University Commuters….Do we matter???

This has been a rough winter where I live. We are not used to ice and snow, but many of us have adapted fairly well. As an adult, I realize that I can’t simply refuse to venture out when the thermometer hits 32 degrees. I don’t like going out, but I do what I have to do. Unfortunately, it would seem that some do not do what they have to do. This week we have had more snow and ice. Public schools were closed Monday and Tuesday, and my university closed Monday and opened midday Tuesday. Rain and freezing temperatures  were predicted for Tuesday evening, possibly making driving treacherous. The city I live in and the cities I travel to require driving over bridges. According to the expensive blue reflector signs placed by many of these bridges, we KNOW that bridges freeze before roadways. This being the case, I head out to campus at 6:30 last evening, in the freezing rain. The main roads were clear so no trouble there. As I got closer to campus I felt my car sliding on the bridge, but I kept it together and made it to the parking garage. This is where the trouble begins.

The ramps in the garage were very slippery, and I noticed many campus police cars were parked in the garage. This is unusual, and left me wondering if they had the day off? Many of the students at my university are commuters, and  this garage is generally full. This garage is across a main city road from campus, but is still part of the campus, as are the academic buildings on this side of the road. From the ice remaining on the sidewalks and stairs on this side of the road, one might assume these areas merit less attention than those on the “main” campus, where the sidewalks and stairs were completely clear. A main road leading out of the garage was covered in ice, as were the sidewalks and stairs in this area. Upon leaving one of these buildings, I found myself in a pile at the bottom of the icy stairs. Even the handrail was a sheet of ice.

Now, I understand that it was my choice to head out last evening, and that I likely could have e mailed my professor  and indicated that I was staying home. However, as a graduate student, I am obligated to be supervised for a certain number of hours during my practicum. We are allowed to miss one supervision meeting, and with 9 weeks yet to go, I don’t want to waste my absence and not have it if I need it later. This is why I went to school, even though I really didn’t want to. I wrongly assumed that my school would have taken steps to ensure the safety of ALL students, not just those that live on campus.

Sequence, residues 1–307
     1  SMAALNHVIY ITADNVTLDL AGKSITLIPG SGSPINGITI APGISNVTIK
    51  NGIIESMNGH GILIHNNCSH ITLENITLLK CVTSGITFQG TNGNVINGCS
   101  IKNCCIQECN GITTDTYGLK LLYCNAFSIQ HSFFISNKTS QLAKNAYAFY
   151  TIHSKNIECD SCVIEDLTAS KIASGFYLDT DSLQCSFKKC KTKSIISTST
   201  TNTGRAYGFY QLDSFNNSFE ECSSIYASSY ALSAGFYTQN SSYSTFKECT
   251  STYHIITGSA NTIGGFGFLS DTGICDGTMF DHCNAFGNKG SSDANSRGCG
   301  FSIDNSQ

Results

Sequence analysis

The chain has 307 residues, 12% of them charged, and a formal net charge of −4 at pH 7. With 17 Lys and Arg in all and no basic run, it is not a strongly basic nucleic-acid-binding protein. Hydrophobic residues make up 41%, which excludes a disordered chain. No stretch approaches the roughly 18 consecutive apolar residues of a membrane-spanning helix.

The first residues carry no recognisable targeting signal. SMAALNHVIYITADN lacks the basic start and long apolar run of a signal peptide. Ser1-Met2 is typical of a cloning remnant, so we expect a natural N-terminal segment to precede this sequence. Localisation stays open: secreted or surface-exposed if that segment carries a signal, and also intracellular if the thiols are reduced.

Supervision only lasted one hour, but by the time I began my trip home, the ice had gotten so bad that the bridge to home was closed due to a 15 car accident. Traffic was rerouted and the next bridge I encountered was cleaning up a 4 car accident that stopped us for 15 minutes. This, coupled with pain from falling, left me frustrated and in tears.

My gripe this morning is not with the bridges being closed, but with my university’s neglect of the sidewalks and buildings across the road from the main campus. The sidewalks used by commuters. This university has recently transformed from a commuter school to a residential campus, but commuters are still a substantial portion of the student body. I have heard others complain that although commuters played a huge role in the success of this university, we are now second class citizens as the push for on campus residents becomes prominent. This leaves many of us disgruntled and quite frankly our enthusiasm for the university is waning. So frequently I hear people saying they can’t wait to get out of here, and more often than not this is related to discrepancies we have witnessed or suffered through. In life, I have been told to remember those that helped you get where you are (commuters), but it seems that those in charge of safety at my university forgot this when clearing snow and ice yesterday. I am hoping that the accidents and bridge closures will make an impact on those that must decide whether or not to hold classes in the future. I know that there is never a perfect solution, but if the university is going to be open then steps must be taken to ensure the safety of ALL students, not just those that live on the correct side of the road.

 

 

 

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